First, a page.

Scientific name: Selasphorus sasin
Length: 3 1/4 inches (8.26 cm)
Identification: This hummer has a long bill and a compact body. The male Allen's
hummingbird has an iridescent green crown and a green back. The green center of the
back is the main distinction between it and the Rufous hummingbird. The male's rump
and below is rufous (brownish red), breast is white, and gorget (throat) is copper-red.
The female Allen's hummer is green above, rufous on the sides, white beneath, and
small orange-red spots on the throat. Often, the female is mistaken for the Rufous
Habitat and range: Though the California quail (Lophortyx californica)
is the state bird of California, the Allen's hummingbird is essentially a California
bird, ranging from southern Oregon down to Ventura County -- northwest of Los Angeles
-- along a narrow coastal strip. It is found in open woods and in the suburbs. The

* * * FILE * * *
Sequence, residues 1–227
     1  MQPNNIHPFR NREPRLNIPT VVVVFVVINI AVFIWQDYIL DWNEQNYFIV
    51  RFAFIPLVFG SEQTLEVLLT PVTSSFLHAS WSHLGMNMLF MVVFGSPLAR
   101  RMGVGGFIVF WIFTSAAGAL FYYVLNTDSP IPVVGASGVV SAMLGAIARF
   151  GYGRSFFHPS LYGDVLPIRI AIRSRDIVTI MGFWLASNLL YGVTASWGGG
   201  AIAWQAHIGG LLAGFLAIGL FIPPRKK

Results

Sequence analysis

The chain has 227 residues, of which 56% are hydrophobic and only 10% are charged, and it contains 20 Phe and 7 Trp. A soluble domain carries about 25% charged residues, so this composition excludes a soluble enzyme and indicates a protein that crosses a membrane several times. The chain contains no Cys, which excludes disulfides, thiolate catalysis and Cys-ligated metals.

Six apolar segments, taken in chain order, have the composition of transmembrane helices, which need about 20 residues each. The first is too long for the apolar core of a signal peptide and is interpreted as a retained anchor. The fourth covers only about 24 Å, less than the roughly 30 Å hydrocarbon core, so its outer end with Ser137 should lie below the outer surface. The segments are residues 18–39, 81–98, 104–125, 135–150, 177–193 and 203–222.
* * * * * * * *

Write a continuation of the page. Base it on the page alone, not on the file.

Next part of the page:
Allen's hummer migrates for the winter to northwestern Mexico, though some stay all
year on islands off the coast of California.
FYI: With its short wings, the Allen's hummingbird makes a whistling buzz,
when flying. Source: "Allen's Hummingbird," The Encyclopedia of North
American Birds (Bath, UK: Paragon Publishing, 2002), p. 207. Hummingbirds are
members of the family Trochilidae. Sometimes hummingbirds are classified in their
own order of Trochiliformes, but the Allen's hummer is grouped with the Swifts in
the order Apodiformes. Source: "Hummingbird," The New Encyclopaedia
Britannica, 2002, Vol. 6, p. 144. An Allen's hummingbird aroused from its torpid
state -- a type of nighttime hibernation -- can recover to fly within ten to fifteen
minutes. Source: Alexander F. Skutch, The Life of the Hummingbird (New York: Vineyard
Books, Inc., 1973), p. 40.
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